19/11/06 (B370) The reporter (Addis Abeba) Le secrétaire général des Nations unies met en garde les pays voisins contre une intervention en possible en Somalie et il dénonce la livraison d’armes et le financement en particulier des forces islamiques par de nombreux états dont Djibouti. (Info lecteur – En anglais)

The Reporter
(Addis Ababa)

November
18, 2006
Posted to the web November 19, 2006

UN Secretary
General Kofi Annan warned Somalia’s neighbours to stay out on Wednesday, as
UN experts painted an alarming picture of foreign and extremist intervention
in a nation on the brink of all-out war that could engulf the Horn of Africa.

“We
have a very serious situation in Somalia,” Annan told reporters at a
UN climate change conference in the Kenyan capital, urging the country’s weak
government and powerful Islamist movement to return to peace talks.

As a new
report emerged detailing “rampant arms flows” to both Somali sides
in violation of a 1992 UN arms embargo, he also called for other nations to
keep clear and prevent the situation from deteriorating into full-scale war.
“It is already a difficult and volatile situation,” Annan said.
“We do not need to see it further complicated by neighbouring countries
rushing in with troops or guns to support one side. It will only compound
the problem.”

The report,
to be presented this week to the UN Security Council, says that seven nations
and the militant Lebanese movement Hizbullah have sent military aid to the
Islamists, while three countries are backing the government. It says the “unprecedented
and highly exacerbated” situation contains “all of the ingredients
for the increasing possibility of a violent, widespread, and protracted military
conflict” in most of Somalia.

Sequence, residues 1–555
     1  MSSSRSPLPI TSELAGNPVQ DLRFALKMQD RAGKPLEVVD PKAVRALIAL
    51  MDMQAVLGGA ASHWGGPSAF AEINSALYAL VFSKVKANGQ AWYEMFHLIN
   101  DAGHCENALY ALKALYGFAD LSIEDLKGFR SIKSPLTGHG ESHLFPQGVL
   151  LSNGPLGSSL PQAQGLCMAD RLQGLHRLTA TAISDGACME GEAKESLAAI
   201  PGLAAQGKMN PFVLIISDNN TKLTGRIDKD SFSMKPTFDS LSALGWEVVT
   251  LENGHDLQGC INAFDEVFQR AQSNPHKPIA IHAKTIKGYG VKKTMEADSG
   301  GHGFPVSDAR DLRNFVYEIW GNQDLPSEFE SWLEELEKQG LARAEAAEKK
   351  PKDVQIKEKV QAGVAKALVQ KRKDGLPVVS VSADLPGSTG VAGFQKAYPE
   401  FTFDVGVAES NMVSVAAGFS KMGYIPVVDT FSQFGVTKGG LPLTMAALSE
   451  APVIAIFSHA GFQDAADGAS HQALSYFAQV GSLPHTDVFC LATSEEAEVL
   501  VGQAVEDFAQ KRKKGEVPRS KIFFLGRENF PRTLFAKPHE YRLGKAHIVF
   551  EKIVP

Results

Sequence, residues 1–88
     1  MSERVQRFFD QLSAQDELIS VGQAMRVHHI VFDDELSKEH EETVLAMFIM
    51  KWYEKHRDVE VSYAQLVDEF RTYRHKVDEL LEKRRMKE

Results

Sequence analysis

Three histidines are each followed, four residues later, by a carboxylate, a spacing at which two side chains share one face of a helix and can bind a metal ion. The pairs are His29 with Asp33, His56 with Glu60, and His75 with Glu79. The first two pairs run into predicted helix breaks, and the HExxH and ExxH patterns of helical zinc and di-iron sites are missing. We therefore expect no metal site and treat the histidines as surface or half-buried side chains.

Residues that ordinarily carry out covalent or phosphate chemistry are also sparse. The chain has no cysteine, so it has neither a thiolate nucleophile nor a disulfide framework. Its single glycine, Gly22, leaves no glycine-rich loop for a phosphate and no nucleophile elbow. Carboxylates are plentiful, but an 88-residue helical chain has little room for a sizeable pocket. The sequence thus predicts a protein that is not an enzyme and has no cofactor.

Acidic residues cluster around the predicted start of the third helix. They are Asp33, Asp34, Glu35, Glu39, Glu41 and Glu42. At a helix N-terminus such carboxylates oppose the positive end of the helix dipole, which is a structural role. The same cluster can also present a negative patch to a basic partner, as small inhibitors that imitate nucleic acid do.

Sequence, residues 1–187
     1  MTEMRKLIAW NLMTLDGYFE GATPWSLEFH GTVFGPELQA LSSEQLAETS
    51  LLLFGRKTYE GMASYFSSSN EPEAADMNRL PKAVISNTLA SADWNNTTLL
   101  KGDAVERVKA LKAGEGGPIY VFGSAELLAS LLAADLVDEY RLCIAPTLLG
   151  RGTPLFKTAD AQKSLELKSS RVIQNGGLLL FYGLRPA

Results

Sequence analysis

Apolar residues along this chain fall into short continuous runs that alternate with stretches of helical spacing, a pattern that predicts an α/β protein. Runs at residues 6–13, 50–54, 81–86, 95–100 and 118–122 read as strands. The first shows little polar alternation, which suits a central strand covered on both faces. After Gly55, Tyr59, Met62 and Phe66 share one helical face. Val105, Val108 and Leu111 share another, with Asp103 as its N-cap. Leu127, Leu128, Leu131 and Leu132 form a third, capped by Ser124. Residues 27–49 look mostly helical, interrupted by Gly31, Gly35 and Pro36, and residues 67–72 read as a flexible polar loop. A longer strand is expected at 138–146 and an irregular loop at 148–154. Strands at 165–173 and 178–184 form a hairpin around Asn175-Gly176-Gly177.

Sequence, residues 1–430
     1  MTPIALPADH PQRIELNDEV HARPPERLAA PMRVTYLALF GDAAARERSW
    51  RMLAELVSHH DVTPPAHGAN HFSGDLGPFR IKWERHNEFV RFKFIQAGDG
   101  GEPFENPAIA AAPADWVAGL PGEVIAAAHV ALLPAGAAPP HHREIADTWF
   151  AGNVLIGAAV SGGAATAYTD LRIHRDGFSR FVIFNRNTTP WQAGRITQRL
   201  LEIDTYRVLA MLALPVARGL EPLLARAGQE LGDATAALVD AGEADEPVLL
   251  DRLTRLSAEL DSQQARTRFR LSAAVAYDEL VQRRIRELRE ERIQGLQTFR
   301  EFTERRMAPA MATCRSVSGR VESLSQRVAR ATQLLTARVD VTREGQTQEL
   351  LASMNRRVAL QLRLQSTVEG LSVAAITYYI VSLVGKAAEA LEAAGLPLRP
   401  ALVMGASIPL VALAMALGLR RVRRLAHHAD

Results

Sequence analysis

“Moreover,
there is the distinct possibility that (it) may spill over into a direct state-to-state
conflict between Ethiopia and Eritrea, as well as acts of terrorism in other
vulnerable states of the region,” it says.

Arch-foes
Ethiopia and Eritrea, still at odds over their 1998-2000 border war, have
thousands of combat troops in Somalia, according to the report. Both countries
deny this, although Ethiopia admits to sending military advisers. Backing
the Islamists are Djibouti, Egypt, Eritrea, Iran, Libya, Saudi Arabia, Syria
and Hizbullah, while Ethiopia, Uganda and Yemen are supporting the government,
according to the report, a copy of which was obtained by AFP.

Nearly
all of the named nations deny violating the arms embargo but the report provides
detailed information about weapons shipments, including shoulder-fired surface-to-air
missiles and other sophisticated equipment, and the provision of other military
aid.

The 80-page
report covers the period from May to October, during which time the Islamists
seized Mogadishu from US-backed warlords and took control of much of southern
and central Somalia, imposing a harsh brand of Sharia law. The Islamists and
government are now girding for battle in two areas, one around the government
seat of Baidoa and the other near the border with the semi-autonomous enclave
of Puntland, north of Mogadishu.

The report
records names, dates and locations of such transactions, including a donation
to the Islamists of one million dollars by Libya and the creation of a reciprocal
relationship between the Islamists and Hizbullah.

Eritrea,
it says, provided the Islamists with “at least 28 separate consignments
of arms, ammunition and military equipment,” including a July 23 delivery
of the surface-to-air missiles and infrared-guided anti-tank weapons. Shipments
to the Islamists from other countries, notably Iran, Egypt and Syria are also
detailed, as is the July 27 departure of 200 Muslim gunmen from Somalia to
Syria “to undergo military training in guerrilla warfare.”

It also
said the Islamists sent about 720 battle-hardened fighters to Lebanon in mid-July
to wage war against Israel alongside Hizbullah.

Only about
80 returned to Somalia, the report says. In exchange, according to the report,
Hizbullah arranged for additional support to be given to the Islamists by
Iran and Syria, both of which are accused by the United States and others
of supporting terrorism.

Elements
in the Somali Islamist movement are believed to have ties with al-Qaeda and
earlier this month the United States warned US citizens in neighbouring Kenya
and Ethiopia of suicide attacks by Somali extremists. Somalia has been without
a functioning central authority since the 1991 ousting of strongman Mohamed
Siad Barre and the two-year-old transitional government has been unable to
assert control.